Visualising Operating System Derivation
After I ordered a new laptop yesterday (Huawei MateBook X Pro (2018)) I started pondering what OS I might run on it. I started looking through the DistroWatch.com Top 100 OSes (by Page Hit Ranking). This table (shown in the right side bar on the homepage) ranks OSes by the number of hits to their DistroWatch.com page in the last 6 months. It’s a decent proxy for what’s out there and what people are interested in using at moment.
As I went through the list it struck me how many appeared to based on one of three operating systems: Arch Linux, Debian, and Ubuntu (which is itself based on Debian). I thought it might be interesting to visualise this in order to see the clustering and also get a feel for how many of the top 100 are actually independent.
I whipped up a quick Ruby script to pull the data from DistroWatch.com and then output a dot file for GraphViz to render. The result is below (click to view full size SVG). The script uses Nokogiri to parse the HTML documents. I then use a combination of XPath and CSS selectors to extract the information I need.
Update: Some people have commented to say that some historical derivation is missing, like OpenBSD being originally forked from NetBSD. That’s not what this graph is showing. It’s mostly showing how an OS is constructed today. I.e. when the project makes a new release is it being rebased on another project or not. In this context, OpenBSD is very much independent. Ultimately though it visualises DistroWatch.com’s “Based On” field, whatever that happens to be.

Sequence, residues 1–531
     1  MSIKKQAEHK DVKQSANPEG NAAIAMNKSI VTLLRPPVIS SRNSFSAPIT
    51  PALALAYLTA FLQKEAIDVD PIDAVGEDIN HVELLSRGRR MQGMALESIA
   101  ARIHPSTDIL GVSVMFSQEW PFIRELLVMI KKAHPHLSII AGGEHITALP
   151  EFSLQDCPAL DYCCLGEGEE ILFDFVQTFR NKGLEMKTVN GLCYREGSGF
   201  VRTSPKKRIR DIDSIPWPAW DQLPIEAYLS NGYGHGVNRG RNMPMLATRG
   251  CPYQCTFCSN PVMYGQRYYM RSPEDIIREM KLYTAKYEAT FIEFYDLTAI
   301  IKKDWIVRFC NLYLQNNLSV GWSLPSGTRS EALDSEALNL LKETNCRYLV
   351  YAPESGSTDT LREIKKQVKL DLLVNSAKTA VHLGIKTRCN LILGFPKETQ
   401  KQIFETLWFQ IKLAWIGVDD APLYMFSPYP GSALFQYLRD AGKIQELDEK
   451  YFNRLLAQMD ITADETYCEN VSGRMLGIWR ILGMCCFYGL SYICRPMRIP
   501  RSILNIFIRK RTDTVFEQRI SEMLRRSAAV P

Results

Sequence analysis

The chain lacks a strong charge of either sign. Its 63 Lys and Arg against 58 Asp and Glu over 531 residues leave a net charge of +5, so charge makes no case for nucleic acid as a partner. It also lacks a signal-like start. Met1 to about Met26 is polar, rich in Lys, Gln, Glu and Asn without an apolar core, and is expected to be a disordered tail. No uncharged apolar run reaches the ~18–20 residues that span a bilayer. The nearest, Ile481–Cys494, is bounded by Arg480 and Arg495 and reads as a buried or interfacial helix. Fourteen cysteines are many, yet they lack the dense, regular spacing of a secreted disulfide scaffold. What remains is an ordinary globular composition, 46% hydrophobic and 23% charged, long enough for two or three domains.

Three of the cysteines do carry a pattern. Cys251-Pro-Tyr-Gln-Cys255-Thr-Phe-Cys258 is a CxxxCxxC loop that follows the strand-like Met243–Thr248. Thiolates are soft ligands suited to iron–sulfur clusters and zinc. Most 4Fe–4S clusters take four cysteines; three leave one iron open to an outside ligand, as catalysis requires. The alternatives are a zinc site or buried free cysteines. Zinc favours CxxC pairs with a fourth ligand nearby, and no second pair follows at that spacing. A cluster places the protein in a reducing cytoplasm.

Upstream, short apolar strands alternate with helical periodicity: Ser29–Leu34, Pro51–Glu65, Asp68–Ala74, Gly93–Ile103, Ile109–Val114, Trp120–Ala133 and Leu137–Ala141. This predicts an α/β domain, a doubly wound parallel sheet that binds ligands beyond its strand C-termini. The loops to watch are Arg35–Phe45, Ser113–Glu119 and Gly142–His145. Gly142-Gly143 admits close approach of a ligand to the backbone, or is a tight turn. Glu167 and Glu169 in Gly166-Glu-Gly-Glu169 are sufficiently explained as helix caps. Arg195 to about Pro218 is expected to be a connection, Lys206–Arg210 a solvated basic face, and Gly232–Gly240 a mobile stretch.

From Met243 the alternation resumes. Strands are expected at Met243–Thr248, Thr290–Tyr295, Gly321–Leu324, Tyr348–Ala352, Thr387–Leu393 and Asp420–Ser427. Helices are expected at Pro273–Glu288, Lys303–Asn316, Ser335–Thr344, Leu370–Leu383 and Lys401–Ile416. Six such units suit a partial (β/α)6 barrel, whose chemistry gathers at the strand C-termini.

The graph confirms my suspicion. There are significant clusters around Arch, Debian, and Ubuntu. This helps with the original goal of picking an OS to try on the laptop. I already run Arch, which in my mind rules out all its derivatives – I’d rather just run the real thing. I have no desire to run Debian or Ubuntu as I much prefer a rolling software model. Of the remaining independent options Alpine and Void are interesting. I run Alpine on my server but I’m not sure it would be what I’m after in a desktop (I did play with a desktop install in a virtual machine though). I’m interested in giving Void more of a go – especially the musl libc variant – so that will be what I try first.
The source of the script is on GitHub if there’s any GraphViz wizards out there that can improve the graph, PRs are most welcome.